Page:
Hydrogen peroxide (the 3% solution you can pick up at pharmacies and grocery stores) is a nontoxic antibacterial that kills viruses, mold, and mildew. You can think of it as an all-natural bleach. Anything you typically clean with bleach can be cleaned with peroxide. This includes countertops, sinks, cutting boards, bathtubs, showers, toilets, and garbage pails. Just spray it on, allow the bubbles to subside (hydrogen peroxide needs time to disinfect) and wipe. To clean and disinfect those vinyl and linoleum floors mix equal parts peroxide and water to mop. No rinsing necessary. For laundry you can replace bleach with one cup of hydrogen peroxide. You can also soak items, like toothbrushes, sponges, cleaning cloths, retainers, thermometers, and loofahs, in hydrogen peroxide to disinfect them.

Using vinegar and peroxide together (spray with undiluted vinegar and then 3% hydrogen peroxide) creates a one-two punch that is as effective as bleach at killing bacteria like E. coli and Salmonella, but is safe enough to use on produce without so much as an aftertaste.

As for wood furniture, the best way to dust is with nothing more than a damp cloth. Commercial wood polishes can contain harsh chemicals and leave a very hard-to-remove residue. For an all natural polish mix two parts olive oil with one part lemon juice and apply it to your wood furniture using a soft cloth.

Use these all-natural cleaning solutions with rags you make out of old towels and t-shirts (saving money on paper towels and reducing waste) and you’re ready to clean green!


Want more green cleaning tips? Click here to learn how to clean green with lemon and baking soda.

Prefer to just buy green cleaning products? Click
here to learn about what to look for when selecting green cleaning products.


October 13, 2011

Tap Water: Better For Your Health and The Environment

Time and again we hear how great drinking water is for us. It aids in weight loss, flushes out toxins, prevents headaches and illness and giving us clear, supple skin. Yet, do we really know what we’re getting when we twist open a bottle of water?

According to the Environmental Working Group, most bottled water companies aren’t very forthcoming about what exactly is going into their bottles. Only 3 of the 173 companies the nonprofit analyzed disclosed information on where their water comes from, how or if their water is treated, and whether the results of purity testing are made public. Some of the worst-rated brands, from the companies disclosing little or no information, also happen to be some of the best-selling in the country. Aquafina, Dasani, and Poland Spring all received a grade of D for information disclosure.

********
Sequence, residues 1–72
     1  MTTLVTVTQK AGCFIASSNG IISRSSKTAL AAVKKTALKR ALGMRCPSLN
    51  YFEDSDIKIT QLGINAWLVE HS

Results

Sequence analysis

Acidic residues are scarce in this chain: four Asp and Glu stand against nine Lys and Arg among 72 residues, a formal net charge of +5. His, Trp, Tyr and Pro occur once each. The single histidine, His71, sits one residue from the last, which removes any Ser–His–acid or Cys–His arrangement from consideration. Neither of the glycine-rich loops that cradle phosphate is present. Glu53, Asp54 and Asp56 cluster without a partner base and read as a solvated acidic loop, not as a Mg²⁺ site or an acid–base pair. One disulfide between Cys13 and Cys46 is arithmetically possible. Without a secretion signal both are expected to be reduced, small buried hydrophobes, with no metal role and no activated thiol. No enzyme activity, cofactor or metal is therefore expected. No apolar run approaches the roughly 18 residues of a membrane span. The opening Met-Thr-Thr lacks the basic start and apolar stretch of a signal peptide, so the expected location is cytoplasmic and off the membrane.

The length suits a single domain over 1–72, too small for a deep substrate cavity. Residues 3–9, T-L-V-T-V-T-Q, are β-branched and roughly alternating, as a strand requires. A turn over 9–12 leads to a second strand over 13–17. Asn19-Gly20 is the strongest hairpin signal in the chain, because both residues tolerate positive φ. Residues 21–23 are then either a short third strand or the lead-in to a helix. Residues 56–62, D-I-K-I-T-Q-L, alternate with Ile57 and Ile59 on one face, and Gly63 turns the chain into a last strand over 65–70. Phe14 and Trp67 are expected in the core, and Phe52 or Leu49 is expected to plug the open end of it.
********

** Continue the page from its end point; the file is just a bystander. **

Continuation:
According to the EWG, the only A grade option is filtered tap water. Properly filtered tap water is purer than bottled water, not to mention less expensive and better for the environment.

Unlike bottled water, tap water is regularly tested with the test results openly reported. A simple, faucet-mounted water filter can improve the smell and taste of drinking water by removing chlorine and bacterial contaminants. [Click here for additional water filtration options.]

Not sure you want to splurge on a $35 water filter and $10 re-usable bottle? Consider this: Some bottled water can cost up to 1,900 times more than tap water. According to the New York Times, a person drinking only bottled water will spend about $1,400 a year compared to the 49 cents it costs for a year's supply of tap water.

There's also the cost to the environment. One and a half million barrels of oil are used every year to manufacture disposable plastic water bottles for the U.S. That's enough to fuel 100,000 cars for a year. About 80% of those bottles will end up as litter or in landfills where they’ll take at least 450 years to break down. Plus, the process of bottling water actually wastes two gallons of water for every gallon of water packaged.